The trials among children, which will ultimately be conducted at five universities in the United States, will allow researchers to determine effective and safe dosing of the vaccine, which has been designed to prevent a strain of influenza that has already claimed more than 1,000 lives worldwide.
"There was a lot of thought and consideration about the safest but most expeditious way to proceed, and we have completed enrollment," said Dr. Karen Kotloff, lead investigator of H1N1 studies conducted at the University of Maryland School of Medicine, which is leading the trials. "This is a vaccine that is made in exactly the same way as the standard, licensed flu vaccine."
Roughly 600 children are enrolled in the National Institutes of Health's trials, she said. They are evenly divided into three age groups: 6 to 35 months, 3 to 9 years, and 10 to 17 years.
Children will receive two doses of vaccine, with half receiving 15 micrograms of antigens -- just as they would for each of the three strains in seasonal flu vaccine -- while others will receive30 micrograms to see if a higher dose is needed to protect against swine flu.
Younger children will undergo three blood draws to test vaccine effectiveness while children above the age of 10 will undergo five -- similar to adults -- a concession to the younger children's dislike of having blood taken.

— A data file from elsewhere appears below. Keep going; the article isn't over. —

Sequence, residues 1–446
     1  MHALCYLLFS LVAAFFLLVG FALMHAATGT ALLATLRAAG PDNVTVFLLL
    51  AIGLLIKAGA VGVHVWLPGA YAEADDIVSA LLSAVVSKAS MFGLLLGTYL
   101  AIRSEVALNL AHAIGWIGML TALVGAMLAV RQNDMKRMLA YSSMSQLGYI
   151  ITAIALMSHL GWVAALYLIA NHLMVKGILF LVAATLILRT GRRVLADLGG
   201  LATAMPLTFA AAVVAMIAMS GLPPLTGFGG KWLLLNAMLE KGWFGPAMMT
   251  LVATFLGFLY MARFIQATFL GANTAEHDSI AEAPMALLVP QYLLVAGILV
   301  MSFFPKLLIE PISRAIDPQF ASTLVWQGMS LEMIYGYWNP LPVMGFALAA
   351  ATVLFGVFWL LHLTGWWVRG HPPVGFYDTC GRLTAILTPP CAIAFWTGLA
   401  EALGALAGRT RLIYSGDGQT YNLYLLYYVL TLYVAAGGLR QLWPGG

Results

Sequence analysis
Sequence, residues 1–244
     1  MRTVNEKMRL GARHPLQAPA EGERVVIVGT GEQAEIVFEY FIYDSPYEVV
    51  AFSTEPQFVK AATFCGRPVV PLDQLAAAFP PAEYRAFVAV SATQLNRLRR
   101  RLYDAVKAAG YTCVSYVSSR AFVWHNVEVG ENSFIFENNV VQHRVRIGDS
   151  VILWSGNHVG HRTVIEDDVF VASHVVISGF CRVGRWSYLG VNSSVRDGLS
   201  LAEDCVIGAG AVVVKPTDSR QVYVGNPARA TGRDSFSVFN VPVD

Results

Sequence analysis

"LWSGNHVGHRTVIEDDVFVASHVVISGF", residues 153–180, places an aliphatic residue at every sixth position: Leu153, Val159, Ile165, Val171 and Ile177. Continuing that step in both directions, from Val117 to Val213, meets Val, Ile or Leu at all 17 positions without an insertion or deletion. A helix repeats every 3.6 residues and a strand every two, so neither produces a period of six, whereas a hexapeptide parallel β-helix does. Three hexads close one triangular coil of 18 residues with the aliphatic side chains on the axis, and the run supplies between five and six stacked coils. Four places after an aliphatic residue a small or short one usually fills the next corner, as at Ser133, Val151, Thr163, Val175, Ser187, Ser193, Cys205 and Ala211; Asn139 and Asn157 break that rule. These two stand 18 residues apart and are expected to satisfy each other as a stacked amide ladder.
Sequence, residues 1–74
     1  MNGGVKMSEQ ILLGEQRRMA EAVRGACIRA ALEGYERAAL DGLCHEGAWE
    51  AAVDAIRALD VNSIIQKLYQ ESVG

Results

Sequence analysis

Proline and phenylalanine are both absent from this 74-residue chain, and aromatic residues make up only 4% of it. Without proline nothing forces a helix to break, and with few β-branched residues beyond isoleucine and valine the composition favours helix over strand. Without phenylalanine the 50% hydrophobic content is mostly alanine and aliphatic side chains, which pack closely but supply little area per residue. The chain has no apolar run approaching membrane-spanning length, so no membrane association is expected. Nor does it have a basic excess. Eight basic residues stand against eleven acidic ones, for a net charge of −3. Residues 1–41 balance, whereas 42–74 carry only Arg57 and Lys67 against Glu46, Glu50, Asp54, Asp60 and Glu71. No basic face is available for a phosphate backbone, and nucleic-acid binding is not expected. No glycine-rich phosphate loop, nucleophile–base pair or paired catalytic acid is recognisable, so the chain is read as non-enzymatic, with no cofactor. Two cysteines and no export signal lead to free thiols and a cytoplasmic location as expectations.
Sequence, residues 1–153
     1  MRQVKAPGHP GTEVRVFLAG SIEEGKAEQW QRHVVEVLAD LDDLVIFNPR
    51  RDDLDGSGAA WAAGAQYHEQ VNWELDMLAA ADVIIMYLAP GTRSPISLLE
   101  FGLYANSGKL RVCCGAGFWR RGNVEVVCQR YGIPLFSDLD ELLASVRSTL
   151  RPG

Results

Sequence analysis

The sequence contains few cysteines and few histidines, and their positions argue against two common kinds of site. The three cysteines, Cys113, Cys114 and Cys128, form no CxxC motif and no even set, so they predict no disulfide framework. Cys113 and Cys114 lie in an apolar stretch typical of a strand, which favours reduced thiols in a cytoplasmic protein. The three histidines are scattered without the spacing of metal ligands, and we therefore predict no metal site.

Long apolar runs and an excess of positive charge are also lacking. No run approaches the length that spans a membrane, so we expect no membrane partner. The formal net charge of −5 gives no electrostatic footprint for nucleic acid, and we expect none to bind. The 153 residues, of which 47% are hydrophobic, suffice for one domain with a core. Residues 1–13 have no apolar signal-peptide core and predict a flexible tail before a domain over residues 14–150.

"We try to spare children the anxiety and discomfort associated with blood-drawing," Kotloff said.
For the most part, children's trials are similar to the adult version, but with a few notable differences.
"The difference is we have to get consent from both the parents and the child," said Dr. Janet Englund, a pediatrician with Children's Hospital, Seattle, who is running one of the five branches of the study, explaining that any child 7 or older must give their own consent to participate in the trial. She said that about 2 percent of children do refuse to participate.
While some concerns have been raised about the speed of clinical trials in children for the flu vaccine, doctors cited both the concern of having vaccine available in time for flu season and the history of medications needed for adults and children as reasons for the child trial following so soon after the start of the adult one, which started on Aug. 7.
"The history of doing clinical trials in kids is an evolving one. We are now in the stage in our evolution where kids' trials start sooner than they used to," said Dr. Harley Rotbart, professor and vice chairman of pediatrics and microbiology at the University of Colorado Health Sciences Center at Denver and author of "Germ Proof Your Kids," who is not involved in the NIH's clinical trials.
He said that testing on children is often done quickly after testing in adults because pediatricians used to have difficulty knowing how to dose medications in children.
"When a pharmaceutical company would get approval in adults, they would never do [clinical trials] in children," he said. "We ended up treating children as mini-adults."
Side effects, said Rotbart, could present an issue.